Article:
There’s no doubt about it; the commodities market took a bit of a battering in 2018, as the value of commodities such as oil, copper, iron ore and sugar plunged.
These prices fell amid a myriad of geopolitical issues, from ongoing trade tensions between the U.S. and China to the continued global economic slowdown.
So far, 2019 has also seen the commodity market gripped by uncertainty and sustained volatility. In this post, we’ll appraise the most volatile assets in this market and ask how traders can profit from them, whilst also considering which instruments can help investors to mitigate their risk?
Whilst oil prices have fluctuated throughout 2019, they’ve largely declined since last year’s peak during the fourth financial quarter.
A longstanding imbalance between supply and demand remains at the heart of this issue, as U.S. shale output achieved record highs and OPEC struggled to introduce adequate supply cuts in a timely fashion.
The volatility of oil has also been underpinned by the global geopolitical risk premium, with prices set to plunge further in the coming quarter and beyond.
This should be music to the ears of CFD traders and spread betting enthusiasts, who can leverage depreciating oil prices by speculating on the extent of their decline.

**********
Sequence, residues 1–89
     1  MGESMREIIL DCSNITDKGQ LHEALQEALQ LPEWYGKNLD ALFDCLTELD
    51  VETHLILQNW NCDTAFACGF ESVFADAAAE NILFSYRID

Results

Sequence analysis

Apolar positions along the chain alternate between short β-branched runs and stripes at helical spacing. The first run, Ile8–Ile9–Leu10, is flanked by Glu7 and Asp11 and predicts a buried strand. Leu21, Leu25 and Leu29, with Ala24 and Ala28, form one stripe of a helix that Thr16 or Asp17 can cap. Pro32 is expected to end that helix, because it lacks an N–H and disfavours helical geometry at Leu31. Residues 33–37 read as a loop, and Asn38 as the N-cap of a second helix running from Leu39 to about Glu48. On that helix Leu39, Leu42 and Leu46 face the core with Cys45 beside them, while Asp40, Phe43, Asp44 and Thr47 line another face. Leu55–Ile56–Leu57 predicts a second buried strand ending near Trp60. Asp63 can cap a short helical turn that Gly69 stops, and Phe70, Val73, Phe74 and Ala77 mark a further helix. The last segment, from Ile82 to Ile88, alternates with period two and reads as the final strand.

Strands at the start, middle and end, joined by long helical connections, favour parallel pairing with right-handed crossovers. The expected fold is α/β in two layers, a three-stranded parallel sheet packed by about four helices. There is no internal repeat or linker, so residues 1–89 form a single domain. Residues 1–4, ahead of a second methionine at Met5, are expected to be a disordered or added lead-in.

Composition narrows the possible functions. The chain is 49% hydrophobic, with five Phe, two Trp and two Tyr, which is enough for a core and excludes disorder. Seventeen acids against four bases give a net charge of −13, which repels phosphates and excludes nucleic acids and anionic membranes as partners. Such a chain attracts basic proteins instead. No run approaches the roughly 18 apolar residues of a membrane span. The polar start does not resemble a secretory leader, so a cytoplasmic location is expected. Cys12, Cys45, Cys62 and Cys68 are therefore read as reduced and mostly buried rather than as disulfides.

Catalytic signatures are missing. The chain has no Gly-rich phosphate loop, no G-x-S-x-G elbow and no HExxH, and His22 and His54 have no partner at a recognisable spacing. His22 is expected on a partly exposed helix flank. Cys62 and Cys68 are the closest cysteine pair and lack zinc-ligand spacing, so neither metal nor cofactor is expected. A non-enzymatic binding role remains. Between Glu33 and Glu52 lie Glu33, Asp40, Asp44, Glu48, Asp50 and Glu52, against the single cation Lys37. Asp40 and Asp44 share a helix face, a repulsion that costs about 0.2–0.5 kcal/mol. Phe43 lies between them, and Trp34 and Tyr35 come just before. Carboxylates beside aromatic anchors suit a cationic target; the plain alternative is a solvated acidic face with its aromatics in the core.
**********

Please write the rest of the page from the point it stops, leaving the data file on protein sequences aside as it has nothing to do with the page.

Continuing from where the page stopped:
At the other end of the spectrum is gold, with gold bulls having seized the initiative during the final months of 2018 as the value of this precious metal increased.
There’s plenty of evidence to suggest that gold will remain a safe haven for investors in 2019, particularly as the global economic climate worsens. Make no mistake; investors are seeking secure stores of wealth amid ongoing market turmoil, making gold a valuable asset that can deliver long-term gains.
This represents an excellent way of diversifying your portfolio in the current climate, whilst providing a foundation for sustainable returns over time.
Copper is another metal that holds potential for investors, and not only because it’s also a practical commodity that benefits from different types of demand.
In fact, cropper endured its worst price run since 2015 last year, dropping by every quarter and suffering significantly against the backdrop of the U.S.-China trade fall out.
This downward trajectory has largely continued in 2019, despite a brief period of respite during the first quarter. Most recently priced at $2.58 per pound, copper is currently providing an opportunity for CFD traders to hedge against the asset in a bid to bank short-term profit.
This window of opportunity won’t exist forever, however, especially with 2020 set to provide a more supportive backdrop as the underlying industry indicators improve.
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